“I moved here from Montana in the mid-1980s to attend the U. As a student, I got a job in the library while finishing degrees in history and Arabic. I’ve always been a music collector and fan since I was a little kid. I remember going with my mom to Woolworths and buying my first record—the Doobie Brothers “Greatest Hits.”
When I moved here, there wasn’t really a lot going on in Utah musically. I discovered community radio—KRCL—and out of all the programs they had my favorite was the Saturday afternoon reggae show, Smile Jamaica. When the host retired, I took it over. Thirty years later, here we are!
I did a home remodel two years ago to fit all my records, books, CDs, DVDs—everything that I was archiving on Jamaican music. I bet I have a collection that is among the top 10 in the country. I probably have 10,000 records, probably that many CDs and another 10,000 45s.
Everybody loves Bob Marley. Others that I like are an artist named Burning Spear and a favorite group is Black Uhuru. Uhuru means freedom in Swahili. Steel Pulse is another group I really like.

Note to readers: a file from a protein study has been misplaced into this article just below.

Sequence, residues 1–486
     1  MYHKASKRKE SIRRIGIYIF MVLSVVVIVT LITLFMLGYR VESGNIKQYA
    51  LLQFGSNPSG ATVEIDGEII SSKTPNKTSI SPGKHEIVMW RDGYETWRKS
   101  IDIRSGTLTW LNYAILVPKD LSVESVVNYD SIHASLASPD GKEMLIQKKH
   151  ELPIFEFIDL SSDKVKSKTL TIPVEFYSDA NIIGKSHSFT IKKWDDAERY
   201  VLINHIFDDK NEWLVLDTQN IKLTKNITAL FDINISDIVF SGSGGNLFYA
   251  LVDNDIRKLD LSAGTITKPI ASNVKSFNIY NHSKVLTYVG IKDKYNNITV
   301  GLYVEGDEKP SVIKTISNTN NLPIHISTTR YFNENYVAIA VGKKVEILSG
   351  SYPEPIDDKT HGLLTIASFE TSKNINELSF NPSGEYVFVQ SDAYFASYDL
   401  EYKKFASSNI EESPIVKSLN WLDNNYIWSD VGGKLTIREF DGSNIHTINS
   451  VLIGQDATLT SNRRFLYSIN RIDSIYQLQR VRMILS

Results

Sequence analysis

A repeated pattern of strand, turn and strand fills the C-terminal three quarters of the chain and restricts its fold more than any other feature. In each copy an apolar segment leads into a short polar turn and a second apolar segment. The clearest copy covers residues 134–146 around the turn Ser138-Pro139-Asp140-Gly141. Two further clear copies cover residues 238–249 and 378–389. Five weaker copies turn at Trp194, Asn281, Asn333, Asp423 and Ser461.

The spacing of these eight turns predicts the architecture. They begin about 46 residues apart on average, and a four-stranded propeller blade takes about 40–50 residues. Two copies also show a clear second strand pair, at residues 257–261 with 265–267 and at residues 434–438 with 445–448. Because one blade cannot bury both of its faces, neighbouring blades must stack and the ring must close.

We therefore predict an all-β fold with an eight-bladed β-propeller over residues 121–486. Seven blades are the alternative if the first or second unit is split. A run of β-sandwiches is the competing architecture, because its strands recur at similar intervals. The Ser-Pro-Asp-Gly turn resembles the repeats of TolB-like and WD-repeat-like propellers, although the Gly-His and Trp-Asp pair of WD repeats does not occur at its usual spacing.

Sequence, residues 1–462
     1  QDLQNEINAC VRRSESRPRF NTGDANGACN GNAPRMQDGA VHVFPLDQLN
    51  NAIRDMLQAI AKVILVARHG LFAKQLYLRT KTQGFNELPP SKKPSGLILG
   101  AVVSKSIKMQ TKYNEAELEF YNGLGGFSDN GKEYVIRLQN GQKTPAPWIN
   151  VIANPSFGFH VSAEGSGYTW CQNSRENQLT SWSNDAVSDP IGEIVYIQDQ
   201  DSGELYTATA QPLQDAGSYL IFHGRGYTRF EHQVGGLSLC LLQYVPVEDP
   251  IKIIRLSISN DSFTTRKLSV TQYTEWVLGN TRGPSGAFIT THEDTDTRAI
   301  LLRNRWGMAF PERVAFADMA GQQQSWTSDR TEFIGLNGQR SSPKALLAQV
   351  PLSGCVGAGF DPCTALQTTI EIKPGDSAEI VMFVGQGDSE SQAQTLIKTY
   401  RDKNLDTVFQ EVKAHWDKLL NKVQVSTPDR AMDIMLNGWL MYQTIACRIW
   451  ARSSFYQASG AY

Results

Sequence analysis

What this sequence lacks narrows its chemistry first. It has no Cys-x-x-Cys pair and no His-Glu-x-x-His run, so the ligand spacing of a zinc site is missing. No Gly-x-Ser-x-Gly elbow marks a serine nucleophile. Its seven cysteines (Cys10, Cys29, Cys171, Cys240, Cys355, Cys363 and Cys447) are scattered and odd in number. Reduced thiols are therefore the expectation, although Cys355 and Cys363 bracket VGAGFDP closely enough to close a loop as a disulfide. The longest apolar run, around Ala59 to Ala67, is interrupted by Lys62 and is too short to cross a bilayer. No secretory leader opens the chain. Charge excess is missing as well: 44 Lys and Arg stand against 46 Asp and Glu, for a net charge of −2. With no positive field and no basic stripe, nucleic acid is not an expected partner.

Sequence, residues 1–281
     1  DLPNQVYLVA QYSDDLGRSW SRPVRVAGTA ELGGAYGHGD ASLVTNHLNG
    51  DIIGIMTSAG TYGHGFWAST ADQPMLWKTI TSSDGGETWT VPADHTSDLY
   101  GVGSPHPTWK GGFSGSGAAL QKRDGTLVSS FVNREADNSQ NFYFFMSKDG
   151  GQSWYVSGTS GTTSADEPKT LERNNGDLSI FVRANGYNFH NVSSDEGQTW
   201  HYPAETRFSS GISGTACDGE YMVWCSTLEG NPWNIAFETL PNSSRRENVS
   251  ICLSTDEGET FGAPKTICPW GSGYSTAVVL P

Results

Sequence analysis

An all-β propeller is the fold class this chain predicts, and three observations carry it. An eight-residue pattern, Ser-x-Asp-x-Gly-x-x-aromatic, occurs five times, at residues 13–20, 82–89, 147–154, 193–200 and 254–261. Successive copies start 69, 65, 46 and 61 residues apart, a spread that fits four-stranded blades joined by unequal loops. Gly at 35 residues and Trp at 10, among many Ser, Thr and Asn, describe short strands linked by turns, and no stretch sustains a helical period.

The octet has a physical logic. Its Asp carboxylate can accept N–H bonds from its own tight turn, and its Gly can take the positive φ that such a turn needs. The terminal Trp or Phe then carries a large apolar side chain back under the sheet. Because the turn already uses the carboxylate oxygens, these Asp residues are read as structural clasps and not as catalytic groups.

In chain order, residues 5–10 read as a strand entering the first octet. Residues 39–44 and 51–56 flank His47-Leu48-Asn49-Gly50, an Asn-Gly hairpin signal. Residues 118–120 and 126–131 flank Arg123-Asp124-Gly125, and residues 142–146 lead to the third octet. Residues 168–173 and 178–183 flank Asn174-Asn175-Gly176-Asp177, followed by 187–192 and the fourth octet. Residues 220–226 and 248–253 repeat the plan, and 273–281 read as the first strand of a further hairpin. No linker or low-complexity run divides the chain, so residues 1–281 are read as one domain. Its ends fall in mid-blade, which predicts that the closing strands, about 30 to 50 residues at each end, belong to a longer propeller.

What I love about reggae music is it’s the sound of the downtrodden. It’s their stories. I’m a big story guy. This is the story of African people who are ripped from Africa, taken to Jamaica and forced to be sugar cane harvesters. When slavery ended, they stayed and embraced this religion called Rastafari.
Reggae is really an amazing form of gospel music and I love its uplifting message about humanity, how people can come together. It’s made by people coming from humble, impoverished circumstances singing this beautiful music.”
— Robert Nelson, head of Media Studios at the Marriott Library and host of Smile Jamaica on KRCL, 90.9 FM, and the Smile Jamaica podcast on Mixcloud